WIMR-II Office 3557
1111 Highland Ave.
Madison, WI, 53705
BA 2004, Liberal Arts and Sciences with an Honors Concentration in Cognitive Science, Wilkes Honors College of Florida Atlantic University
PhD 2009, Computational Neuroscience, University of Chicago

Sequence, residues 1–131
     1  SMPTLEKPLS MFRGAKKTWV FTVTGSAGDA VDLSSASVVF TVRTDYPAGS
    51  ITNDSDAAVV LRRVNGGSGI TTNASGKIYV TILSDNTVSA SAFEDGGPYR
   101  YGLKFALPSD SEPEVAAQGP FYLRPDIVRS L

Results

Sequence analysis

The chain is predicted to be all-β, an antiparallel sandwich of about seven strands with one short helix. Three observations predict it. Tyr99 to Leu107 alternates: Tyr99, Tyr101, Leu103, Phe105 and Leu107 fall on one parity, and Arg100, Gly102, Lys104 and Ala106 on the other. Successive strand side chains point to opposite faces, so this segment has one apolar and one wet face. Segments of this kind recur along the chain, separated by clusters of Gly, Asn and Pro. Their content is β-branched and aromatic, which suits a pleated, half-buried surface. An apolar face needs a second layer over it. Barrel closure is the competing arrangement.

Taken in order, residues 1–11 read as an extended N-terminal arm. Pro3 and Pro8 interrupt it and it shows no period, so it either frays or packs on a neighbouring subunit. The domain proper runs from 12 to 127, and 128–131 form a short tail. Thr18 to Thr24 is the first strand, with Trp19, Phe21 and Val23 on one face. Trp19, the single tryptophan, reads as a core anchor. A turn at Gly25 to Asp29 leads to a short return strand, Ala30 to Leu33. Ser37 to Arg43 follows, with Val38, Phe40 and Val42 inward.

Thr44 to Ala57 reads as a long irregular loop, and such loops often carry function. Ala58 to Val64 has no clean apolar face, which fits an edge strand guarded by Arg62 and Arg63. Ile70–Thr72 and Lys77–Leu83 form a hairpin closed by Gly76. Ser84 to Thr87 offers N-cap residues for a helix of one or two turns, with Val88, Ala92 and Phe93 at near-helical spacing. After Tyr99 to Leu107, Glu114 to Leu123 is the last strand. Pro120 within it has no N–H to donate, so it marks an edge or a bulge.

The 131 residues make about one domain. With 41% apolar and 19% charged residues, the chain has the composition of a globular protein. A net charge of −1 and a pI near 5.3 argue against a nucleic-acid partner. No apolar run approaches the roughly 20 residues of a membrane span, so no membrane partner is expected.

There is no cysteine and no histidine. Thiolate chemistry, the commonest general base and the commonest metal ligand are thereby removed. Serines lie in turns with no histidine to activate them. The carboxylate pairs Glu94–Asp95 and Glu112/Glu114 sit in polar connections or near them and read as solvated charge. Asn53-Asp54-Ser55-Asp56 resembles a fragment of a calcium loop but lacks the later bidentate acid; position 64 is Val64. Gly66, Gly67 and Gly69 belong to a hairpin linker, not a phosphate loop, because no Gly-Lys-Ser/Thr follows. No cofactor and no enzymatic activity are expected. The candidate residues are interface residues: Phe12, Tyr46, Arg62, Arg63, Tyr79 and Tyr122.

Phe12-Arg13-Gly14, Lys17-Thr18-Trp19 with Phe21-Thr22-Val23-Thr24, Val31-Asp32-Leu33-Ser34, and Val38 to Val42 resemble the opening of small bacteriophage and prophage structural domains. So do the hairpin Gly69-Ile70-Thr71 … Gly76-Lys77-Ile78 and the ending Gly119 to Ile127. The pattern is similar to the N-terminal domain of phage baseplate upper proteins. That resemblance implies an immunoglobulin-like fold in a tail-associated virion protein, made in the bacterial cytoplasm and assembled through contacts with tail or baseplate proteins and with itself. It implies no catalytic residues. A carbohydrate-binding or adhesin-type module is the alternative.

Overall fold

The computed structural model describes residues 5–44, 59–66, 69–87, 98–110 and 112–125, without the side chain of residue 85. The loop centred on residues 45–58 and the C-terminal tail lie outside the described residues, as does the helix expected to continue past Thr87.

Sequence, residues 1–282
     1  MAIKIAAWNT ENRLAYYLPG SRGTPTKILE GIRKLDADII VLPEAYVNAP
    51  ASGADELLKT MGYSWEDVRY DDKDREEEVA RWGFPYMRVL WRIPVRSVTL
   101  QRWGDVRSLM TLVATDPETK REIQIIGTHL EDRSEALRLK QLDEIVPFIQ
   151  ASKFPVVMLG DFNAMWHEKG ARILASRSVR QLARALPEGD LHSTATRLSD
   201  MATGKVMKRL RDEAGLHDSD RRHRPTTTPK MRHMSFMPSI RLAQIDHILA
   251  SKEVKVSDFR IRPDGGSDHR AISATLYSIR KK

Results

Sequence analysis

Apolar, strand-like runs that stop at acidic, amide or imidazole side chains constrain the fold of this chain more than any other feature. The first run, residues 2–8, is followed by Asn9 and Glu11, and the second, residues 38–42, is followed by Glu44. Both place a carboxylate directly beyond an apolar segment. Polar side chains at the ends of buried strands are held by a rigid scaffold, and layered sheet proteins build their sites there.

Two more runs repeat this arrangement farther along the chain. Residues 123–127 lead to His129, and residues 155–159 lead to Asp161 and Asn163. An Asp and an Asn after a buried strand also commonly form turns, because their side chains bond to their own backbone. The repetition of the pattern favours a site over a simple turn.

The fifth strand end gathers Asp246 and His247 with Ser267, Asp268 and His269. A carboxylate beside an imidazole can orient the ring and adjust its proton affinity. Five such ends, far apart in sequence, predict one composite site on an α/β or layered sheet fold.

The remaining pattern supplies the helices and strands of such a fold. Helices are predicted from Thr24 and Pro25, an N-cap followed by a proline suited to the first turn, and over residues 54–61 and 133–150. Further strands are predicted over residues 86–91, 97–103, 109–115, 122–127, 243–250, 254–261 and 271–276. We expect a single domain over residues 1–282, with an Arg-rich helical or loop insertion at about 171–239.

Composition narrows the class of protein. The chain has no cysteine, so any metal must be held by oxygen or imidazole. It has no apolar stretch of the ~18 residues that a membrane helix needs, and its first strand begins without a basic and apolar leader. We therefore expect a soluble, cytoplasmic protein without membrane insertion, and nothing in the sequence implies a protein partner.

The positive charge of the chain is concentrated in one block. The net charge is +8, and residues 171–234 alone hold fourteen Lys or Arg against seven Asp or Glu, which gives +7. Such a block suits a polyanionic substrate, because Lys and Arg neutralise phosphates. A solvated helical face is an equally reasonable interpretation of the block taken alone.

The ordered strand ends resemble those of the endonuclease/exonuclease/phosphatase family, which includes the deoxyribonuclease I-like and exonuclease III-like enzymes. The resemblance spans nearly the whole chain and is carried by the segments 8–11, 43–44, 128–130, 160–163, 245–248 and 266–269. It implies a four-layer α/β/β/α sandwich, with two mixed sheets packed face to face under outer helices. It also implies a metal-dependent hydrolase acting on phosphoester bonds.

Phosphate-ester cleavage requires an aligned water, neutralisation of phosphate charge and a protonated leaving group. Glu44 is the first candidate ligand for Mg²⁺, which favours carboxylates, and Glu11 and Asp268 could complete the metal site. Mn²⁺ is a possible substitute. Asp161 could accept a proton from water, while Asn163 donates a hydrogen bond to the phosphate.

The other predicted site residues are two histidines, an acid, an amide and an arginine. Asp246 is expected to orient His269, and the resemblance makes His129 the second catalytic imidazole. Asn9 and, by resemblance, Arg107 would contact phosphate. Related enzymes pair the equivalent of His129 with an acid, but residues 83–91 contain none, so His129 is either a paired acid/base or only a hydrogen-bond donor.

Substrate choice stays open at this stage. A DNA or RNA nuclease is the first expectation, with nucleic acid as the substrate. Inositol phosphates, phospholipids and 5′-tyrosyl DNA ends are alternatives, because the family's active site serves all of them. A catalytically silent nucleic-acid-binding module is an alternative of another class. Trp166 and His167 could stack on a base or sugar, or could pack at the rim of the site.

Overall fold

An overarching goal of Dr. Rosenberg's research program is to elucidate the neural circuits and computations creating three-dimensional (3D) visual representations of the environment from two-dimensional (2D) retinal images. To accomplish this goal, Dr. Rosenberg's lab employs a synergistic, multifaceted approach combining high-density neural recordings in non-human primates, computational modeling, and human psychophysics. This work focuses on how neurons in parietal cortex and intermediate visual areas integrate monocular and binocular visual cues to create robust estimates of 3D object pose (position and orientation). In a related area of study, they examine how vestibular and proprioceptive signals are combined with visual information to create a 3D representation of the world that is invariant to the observer's spatial pose (e.g., if the head is upright vs. tilted to the side). They are also interested in how nonlinear response properties of neurons in the magnocellular pathway contribute to visual perception, and might be used to develop methods for early detection of glaucoma. The lab actively conducts experiments in multiple visual areas including the LGN, V1, V2, V3A, MT, FST, and CIP.